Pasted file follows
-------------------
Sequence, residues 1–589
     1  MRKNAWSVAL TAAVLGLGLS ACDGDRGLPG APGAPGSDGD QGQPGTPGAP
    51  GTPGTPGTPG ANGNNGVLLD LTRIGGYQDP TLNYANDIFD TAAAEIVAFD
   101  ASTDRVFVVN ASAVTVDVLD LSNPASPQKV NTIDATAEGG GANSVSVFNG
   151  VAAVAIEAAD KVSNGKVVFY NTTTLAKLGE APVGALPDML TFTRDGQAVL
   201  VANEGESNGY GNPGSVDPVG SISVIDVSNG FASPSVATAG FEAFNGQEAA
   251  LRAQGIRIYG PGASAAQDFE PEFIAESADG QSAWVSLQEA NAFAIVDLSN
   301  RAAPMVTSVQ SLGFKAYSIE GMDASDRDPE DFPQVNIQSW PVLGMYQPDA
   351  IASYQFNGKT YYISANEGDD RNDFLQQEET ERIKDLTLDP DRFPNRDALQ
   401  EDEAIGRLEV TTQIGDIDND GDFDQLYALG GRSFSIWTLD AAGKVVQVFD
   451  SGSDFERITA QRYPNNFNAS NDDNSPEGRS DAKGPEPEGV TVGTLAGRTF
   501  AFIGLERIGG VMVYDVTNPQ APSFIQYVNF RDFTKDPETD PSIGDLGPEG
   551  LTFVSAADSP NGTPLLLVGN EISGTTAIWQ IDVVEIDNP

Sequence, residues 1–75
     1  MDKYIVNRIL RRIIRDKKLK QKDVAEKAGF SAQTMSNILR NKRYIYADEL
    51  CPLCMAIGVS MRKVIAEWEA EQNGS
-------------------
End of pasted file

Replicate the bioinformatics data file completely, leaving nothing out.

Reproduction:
Sequence, residues 1–589
     1  MRKNAWSVAL TAAVLGLGLS ACDGDRGLPG APGAPGSDGD QGQPGTPGAP
    51  GTPGTPGTPG ANGNNGVLLD LTRIGGYQDP TLNYANDIFD TAAAEIVAFD
   101  ASTDRVFVVN ASAVTVDVLD LSNPASPQKV NTIDATAEGG GANSVSVFNG
   151  VAAVAIEAAD KVSNGKVVFY NTTTLAKLGE APVGALPDML TFTRDGQAVL
   201  VANEGESNGY GNPGSVDPVG SISVIDVSNG FASPSVATAG FEAFNGQEAA
   251  LRAQGIRIYG PGASAAQDFE PEFIAESADG QSAWVSLQEA NAFAIVDLSN
   301  RAAPMVTSVQ SLGFKAYSIE GMDASDRDPE DFPQVNIQSW PVLGMYQPDA
   351  IASYQFNGKT YYISANEGDD RNDFLQQEET ERIKDLTLDP DRFPNRDALQ
   401  EDEAIGRLEV TTQIGDIDND GDFDQLYALG GRSFSIWTLD AAGKVVQVFD
   451  SGSDFERITA QRYPNNFNAS NDDNSPEGRS DAKGPEPEGV TVGTLAGRTF
   501  AFIGLERIGG VMVYDVTNPQ APSFIQYVNF RDFTKDPETD PSIGDLGPEG
   551  LTFVSAADSP NGTPLLLVGN EISGTTAIWQ IDVVEIDNP

Sequence, residues 1–75
     1  MDKYIVNRIL RRIIRDKKLK QKDVAEKAGF SAQTMSNILR NKRYIYADEL
    51  CPLCMAIGVS MRKVIAEWEA EQNGS